It was somewhere about 9 o'clock when the booze began to kick in.
Was it hubris, which compelled me to attempt to fortify an unremarkable wee heavy with a fifth of cheap scotch? Or was there something else? Had my addiction to experimental beers became so strong I was willing to throw away any inkling of common sense on a KY coated Slip-and-Slide decent into the very depth of what a bad beer could become?
With a mad cackle I kegged the beer, poured the scotch on top and put the gas to it. No thought of blending to taste. No worry about ratios or possible ABV. "Piss on the Reinheitsgebot!," was the battle cry coming from my froth speckled lips.
I'm not sure what I hoped to accomplish. Is there some quality inherent to Highland Stag brand scotch which would lend itself to a beer? The peat-smoke character reminiscent of thousands of Scottish peasants coughing up their emphysema blackened lungs is not a nice flavor anyway; could beer somehow make it better?
The carbonated beer was harsh as a Brillo Pad handjob. Scratchy and unforgiving, it wasn't so sharp as a straight shot but there was something unpleasant there, as if each glass had been personally tea-bagged by Groundskeeper Willy. But at the same time, it was not so unpleasant it was undrinkable. The scotch numbed the throat first, and after the first glass the other senses became lax.
Human trials were needed in order to observe the effect on consciousness. So, I invited a couple of college friends, J.R. and Jack, to have a beer drinking weekend. They prided themselves on being West Coast beer dorks but I had to wonder, "Could they even handle the Scotch-Scotch Ale? Would something like this ruin them on beer forever?"
No use screwing around, so I filled big 30 oz. mugs. Initially, they bitched about the taste; throwing around words like: possible infection, fusel alcohol and crappy. A simple challenge to their masculinity and the guys were chugging beer like a baby fresh to the tit.
By the end of the third mug I heard a roaring in my ears. Like the top two valves of a 4-barrel carburetor taking hold I could feel a sudden shifting in time and space as the scotch began to kick in.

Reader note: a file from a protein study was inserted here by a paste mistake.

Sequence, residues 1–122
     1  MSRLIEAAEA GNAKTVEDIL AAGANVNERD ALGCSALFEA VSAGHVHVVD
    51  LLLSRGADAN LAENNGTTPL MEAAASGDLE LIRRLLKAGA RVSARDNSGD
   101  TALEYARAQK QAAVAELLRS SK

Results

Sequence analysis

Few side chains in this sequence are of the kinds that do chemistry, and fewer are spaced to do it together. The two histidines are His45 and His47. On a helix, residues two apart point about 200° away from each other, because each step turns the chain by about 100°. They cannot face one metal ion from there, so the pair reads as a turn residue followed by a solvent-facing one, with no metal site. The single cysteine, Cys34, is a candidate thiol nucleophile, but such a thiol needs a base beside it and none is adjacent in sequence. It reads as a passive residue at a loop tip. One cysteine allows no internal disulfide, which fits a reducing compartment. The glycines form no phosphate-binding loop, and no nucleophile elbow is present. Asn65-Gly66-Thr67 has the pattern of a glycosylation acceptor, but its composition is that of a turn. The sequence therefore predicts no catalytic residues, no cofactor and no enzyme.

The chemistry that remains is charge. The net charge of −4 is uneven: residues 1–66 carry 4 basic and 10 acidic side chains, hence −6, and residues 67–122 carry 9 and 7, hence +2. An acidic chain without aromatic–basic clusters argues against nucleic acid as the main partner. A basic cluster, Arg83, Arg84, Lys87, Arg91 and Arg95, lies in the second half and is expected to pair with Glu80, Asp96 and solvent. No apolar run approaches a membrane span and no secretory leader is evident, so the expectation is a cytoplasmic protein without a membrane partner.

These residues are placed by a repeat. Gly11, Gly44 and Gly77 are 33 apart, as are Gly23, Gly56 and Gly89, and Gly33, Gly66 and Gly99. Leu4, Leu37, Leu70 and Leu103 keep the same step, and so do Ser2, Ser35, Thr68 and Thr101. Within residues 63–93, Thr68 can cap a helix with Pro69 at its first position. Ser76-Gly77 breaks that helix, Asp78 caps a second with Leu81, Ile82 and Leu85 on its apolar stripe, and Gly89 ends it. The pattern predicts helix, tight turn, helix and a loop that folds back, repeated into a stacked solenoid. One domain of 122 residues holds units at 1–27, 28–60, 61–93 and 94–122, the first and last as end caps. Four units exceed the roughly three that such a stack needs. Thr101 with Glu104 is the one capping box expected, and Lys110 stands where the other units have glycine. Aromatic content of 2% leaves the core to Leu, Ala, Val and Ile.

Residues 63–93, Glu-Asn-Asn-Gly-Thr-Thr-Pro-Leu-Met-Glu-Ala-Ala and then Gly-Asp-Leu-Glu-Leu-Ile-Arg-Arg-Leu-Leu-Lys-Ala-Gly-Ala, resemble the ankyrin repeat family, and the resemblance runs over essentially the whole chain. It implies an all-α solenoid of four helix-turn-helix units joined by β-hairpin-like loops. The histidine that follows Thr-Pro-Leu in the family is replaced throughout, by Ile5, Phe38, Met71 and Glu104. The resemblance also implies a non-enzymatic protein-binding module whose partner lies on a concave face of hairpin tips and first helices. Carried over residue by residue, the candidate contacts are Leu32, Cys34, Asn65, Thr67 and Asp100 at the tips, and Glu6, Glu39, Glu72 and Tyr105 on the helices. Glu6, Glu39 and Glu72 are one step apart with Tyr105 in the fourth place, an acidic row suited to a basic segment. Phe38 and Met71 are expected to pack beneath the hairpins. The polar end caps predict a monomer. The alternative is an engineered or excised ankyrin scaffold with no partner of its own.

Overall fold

The first noticeable effect was a sudden disintegration of cognitive function. J.R. had been regaling us with some story of Portland when, mid sentence, he lapsed into inane gibberish. With gleeful horror I watched his brain shut down to the point he was unable to form sounds into words.
The next stage was fear. J.R.'s lizard brain function realized he had somehow latched onto something which was beyond his control, the proverbial dog tied to a car bumper. He fought to choose an action. "Bed J.R. go. Sleep time is," he said, taking four steps toward the guest bedroom before he collapsed in the hallway.
For Jack the creeping madness came slower, like a touchy uncle watching from the shadows. He laughed at his apparent triumph over J.R. and drank another half a mug of English Oppression Scotch Ale.
The terror came with the darkness. A spinning bed, a cold sweat and a mouth suddenly filled with saliva; Jack knew the sickness was on him. The panic carried him out of the bedroom, through the kitchen, down the stairs and out into the back yard; his hand pressed against his mouth in a vain attempt to hold back a tidal wave of vomit.
Once in the back yard Jack collapsed in the dirt as his body tried to turn itself inside out. Once the first round of sickness passed he was filled with booze fueled remorse and, using drunk logic, as he crawled back into the house he removed his pants so he wouldn't make a mess.
By tracking his trail of vomit, I found him the next morning. He was asleep in the bathtub, wrapped in the shower curtain, and lacking pants.
I had found what I wanted. The proof my experimentation had gone to far. Just because I could do something didn't mean I should. But on the other hand, if someone offers you free beer there is always a catch.
J.R. A Portrait of a Hangover